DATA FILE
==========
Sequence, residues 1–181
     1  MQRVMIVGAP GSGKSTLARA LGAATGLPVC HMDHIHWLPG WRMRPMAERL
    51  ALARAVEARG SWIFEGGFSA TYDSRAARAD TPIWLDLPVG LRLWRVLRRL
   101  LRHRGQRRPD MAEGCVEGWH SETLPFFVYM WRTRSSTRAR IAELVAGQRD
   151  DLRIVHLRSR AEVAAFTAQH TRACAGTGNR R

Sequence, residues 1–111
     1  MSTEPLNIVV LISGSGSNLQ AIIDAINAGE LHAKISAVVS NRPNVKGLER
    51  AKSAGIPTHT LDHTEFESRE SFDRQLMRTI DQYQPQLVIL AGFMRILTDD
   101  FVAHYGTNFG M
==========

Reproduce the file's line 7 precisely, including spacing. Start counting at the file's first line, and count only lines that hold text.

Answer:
     1  MSTEPLNIVV LISGSGSNLQ AIIDAINAGE LHAKISAVVS NRPNVKGLER